Z: But I think there are a couple of differences, a couple things I want to point out here. One is, there’s a fundamental difference I think between the McDonald’s scenario that you’ve described where you’re already at McDonald’s and you’re like, “Well, here I am, I’m going to buy the thing I want and eat it.” Versus as we were talking about shopping in a grocery store, or online, or wherever, and making a purchase decision in part based on that nutritional information. I’m sure you both are, remember there was a lot of that turn-the-box-around advertising campaigns and stuff when we were kids targeting our parents to get them to buy different products based on the nutritional information that was displayed on there. And I imagine there would be some of the same behavior with wine consumers, especially, as Adam pointed out, in that commercial grocery store sector. I have to say, I talked to a couple of people I know who are winemakers about this, both when it was pending and now since I just exchanged a couple messages with a friend who’s a winemaker today, and they all raised a couple of concerns about this. They’re more on the fine wine side. They’re not necessarily concerned that their consumers are going to abandon ship over the nutritional information or the calorie counts on their labels. But they are very concerned about what the TTB is going to require in terms of testing, because again, this kind of ingredient testing, or ingredient labeling may not be hard if you keep good records of what you put in, which these people do. But calorie counts, are you going to have to each individual SKU, are you going to have to do testing to get the exact calorie count? Are you going to be able to use a range? Think about this. The TTB currently requires you to put on your label the ABV of a product, but you have a lot of leeway, you have about a point and a half either direction from the true number. And also, truthfully, the TTB never tests. So producers don’t have to actually really put a lot of effort into testing their wine for the alcohol percentage. I mean they need to know, and they do know they can do the math simply from when they harvest. There’s a simple conversion from Brix or available sugar in the grape to what the finished alcohol will be. But they don’t test it generally for the precise number, because they don’t need to and whatever. But if you have to test every single batch you are bottling, are you going to have to do that to satisfy the TTB? Are they going to be checking this? What about if you’re a distillery and you produce a bunch of individual single-barrel bourbons or something, do you have to test each individual one? I don’t think anyone is clear, because again, the TTB has agreed that they’re going to put rules in place; they have not released those rules, so we will of course follow up when we have more information. But I do think that there are a lot of smaller producers that look at this as a very potentially costly and onerous thing. They’re not against the idea of providing this information to consumers. They are perhaps against the idea of having to spend a lot of money to provide this information that, frankly, a lot of consumers won’t even pay attention to, at least in their cases.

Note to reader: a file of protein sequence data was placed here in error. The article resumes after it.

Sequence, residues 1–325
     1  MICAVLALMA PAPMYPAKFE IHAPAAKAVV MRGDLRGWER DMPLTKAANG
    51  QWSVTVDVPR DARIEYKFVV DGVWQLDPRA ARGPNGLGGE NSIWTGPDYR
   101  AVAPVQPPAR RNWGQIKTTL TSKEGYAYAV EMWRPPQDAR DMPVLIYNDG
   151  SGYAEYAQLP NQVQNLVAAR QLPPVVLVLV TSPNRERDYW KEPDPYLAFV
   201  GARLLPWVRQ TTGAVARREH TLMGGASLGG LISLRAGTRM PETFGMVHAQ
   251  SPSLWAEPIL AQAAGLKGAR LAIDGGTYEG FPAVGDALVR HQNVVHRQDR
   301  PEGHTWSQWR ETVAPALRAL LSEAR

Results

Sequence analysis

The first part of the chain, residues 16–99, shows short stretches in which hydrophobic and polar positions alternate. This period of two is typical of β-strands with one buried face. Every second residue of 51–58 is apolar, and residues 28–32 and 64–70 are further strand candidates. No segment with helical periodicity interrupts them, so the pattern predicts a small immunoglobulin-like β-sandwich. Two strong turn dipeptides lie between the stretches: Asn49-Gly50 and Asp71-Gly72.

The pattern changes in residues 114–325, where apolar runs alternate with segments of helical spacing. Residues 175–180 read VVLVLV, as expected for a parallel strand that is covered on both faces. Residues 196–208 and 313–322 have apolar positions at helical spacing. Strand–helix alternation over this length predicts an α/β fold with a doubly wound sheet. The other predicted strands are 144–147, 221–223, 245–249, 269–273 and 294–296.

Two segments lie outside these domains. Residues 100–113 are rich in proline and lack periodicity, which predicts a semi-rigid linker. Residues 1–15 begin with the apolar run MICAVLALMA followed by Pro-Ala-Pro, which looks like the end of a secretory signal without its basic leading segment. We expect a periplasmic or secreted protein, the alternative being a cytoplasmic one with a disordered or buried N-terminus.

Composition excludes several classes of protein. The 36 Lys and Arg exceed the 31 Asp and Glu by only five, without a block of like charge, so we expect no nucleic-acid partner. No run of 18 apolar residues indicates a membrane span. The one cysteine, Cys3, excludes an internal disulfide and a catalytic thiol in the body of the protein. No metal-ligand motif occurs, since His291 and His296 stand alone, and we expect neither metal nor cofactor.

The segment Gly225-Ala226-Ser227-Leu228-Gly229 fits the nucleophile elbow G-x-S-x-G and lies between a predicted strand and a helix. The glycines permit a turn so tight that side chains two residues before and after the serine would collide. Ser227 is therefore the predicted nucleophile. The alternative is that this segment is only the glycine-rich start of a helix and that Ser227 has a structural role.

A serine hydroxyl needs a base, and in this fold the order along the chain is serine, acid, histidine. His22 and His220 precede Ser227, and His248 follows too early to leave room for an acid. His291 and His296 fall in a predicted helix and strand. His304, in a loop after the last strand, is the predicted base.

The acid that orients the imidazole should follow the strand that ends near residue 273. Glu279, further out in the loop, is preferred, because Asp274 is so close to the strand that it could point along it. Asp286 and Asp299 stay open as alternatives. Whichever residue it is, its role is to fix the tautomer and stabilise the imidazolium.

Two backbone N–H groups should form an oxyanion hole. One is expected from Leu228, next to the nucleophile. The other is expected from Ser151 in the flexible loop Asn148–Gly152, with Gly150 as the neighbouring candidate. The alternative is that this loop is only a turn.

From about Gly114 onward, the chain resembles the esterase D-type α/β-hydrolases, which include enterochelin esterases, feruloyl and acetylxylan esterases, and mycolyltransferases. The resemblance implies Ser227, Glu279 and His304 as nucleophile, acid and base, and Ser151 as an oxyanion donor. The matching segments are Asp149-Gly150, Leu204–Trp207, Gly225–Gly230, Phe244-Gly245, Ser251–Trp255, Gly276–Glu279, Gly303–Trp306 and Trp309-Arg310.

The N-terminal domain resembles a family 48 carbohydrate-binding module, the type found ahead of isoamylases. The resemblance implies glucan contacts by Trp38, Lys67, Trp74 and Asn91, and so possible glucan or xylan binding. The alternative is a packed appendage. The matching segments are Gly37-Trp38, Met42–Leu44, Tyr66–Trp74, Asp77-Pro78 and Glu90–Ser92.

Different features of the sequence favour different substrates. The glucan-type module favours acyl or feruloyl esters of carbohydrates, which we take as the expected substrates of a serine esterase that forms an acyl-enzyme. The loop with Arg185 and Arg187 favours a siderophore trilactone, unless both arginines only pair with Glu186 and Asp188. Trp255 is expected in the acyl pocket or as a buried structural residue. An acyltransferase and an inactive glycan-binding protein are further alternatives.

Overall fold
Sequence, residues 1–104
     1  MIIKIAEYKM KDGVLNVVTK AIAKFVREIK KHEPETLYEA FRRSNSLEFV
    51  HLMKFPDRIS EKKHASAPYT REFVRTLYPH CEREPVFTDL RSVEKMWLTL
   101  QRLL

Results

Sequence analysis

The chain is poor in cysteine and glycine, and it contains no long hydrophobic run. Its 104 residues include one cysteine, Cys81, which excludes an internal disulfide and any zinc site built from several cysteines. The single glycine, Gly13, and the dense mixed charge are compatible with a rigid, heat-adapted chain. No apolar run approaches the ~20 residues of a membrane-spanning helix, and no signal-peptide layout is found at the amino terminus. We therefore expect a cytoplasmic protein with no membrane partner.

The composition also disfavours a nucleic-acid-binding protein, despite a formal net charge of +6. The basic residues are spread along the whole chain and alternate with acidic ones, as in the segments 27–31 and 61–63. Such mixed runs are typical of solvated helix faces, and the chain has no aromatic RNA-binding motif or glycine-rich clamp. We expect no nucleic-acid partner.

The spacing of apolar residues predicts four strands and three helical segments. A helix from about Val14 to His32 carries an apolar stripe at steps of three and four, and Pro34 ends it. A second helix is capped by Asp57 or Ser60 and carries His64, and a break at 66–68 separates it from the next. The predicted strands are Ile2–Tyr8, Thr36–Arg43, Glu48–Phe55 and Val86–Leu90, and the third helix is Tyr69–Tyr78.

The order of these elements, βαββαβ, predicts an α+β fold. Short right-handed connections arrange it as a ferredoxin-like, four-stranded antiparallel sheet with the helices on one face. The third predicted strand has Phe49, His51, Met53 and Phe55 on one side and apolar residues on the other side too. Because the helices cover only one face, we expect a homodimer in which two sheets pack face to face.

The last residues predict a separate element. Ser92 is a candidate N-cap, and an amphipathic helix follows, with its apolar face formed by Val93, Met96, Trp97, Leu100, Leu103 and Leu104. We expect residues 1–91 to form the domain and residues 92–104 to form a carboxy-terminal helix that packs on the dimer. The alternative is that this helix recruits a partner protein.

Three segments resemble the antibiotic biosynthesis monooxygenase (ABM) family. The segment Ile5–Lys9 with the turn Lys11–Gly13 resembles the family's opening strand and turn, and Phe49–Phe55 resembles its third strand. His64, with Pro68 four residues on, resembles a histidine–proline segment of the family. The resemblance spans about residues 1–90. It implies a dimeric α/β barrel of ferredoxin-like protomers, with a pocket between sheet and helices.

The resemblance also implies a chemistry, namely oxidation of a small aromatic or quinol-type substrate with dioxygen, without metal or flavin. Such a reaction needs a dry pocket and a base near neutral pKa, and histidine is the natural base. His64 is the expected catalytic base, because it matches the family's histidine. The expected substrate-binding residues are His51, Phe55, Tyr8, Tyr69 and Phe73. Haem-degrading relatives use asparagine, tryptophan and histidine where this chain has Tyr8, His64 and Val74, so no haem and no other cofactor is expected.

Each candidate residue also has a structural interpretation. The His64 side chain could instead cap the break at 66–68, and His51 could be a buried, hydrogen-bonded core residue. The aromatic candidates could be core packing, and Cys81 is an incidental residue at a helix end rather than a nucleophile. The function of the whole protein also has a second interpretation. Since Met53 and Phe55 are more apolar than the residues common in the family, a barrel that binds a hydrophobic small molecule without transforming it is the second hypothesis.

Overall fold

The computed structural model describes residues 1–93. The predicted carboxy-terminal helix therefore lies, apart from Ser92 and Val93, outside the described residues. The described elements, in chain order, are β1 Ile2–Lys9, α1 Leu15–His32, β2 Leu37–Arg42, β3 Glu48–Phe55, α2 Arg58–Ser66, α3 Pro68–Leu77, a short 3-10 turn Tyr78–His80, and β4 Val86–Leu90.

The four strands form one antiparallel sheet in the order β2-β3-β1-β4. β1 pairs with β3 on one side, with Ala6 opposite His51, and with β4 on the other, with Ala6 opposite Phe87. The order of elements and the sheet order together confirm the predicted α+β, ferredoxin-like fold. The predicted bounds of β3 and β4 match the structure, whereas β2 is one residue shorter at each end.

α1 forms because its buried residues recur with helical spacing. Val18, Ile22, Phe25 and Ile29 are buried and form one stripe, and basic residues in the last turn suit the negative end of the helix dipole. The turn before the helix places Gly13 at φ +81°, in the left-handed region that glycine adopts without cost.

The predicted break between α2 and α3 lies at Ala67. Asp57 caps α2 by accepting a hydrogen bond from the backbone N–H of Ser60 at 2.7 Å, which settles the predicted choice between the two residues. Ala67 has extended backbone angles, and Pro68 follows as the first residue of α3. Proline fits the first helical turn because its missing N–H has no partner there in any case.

A: I think this is going to be a b*tch. I do.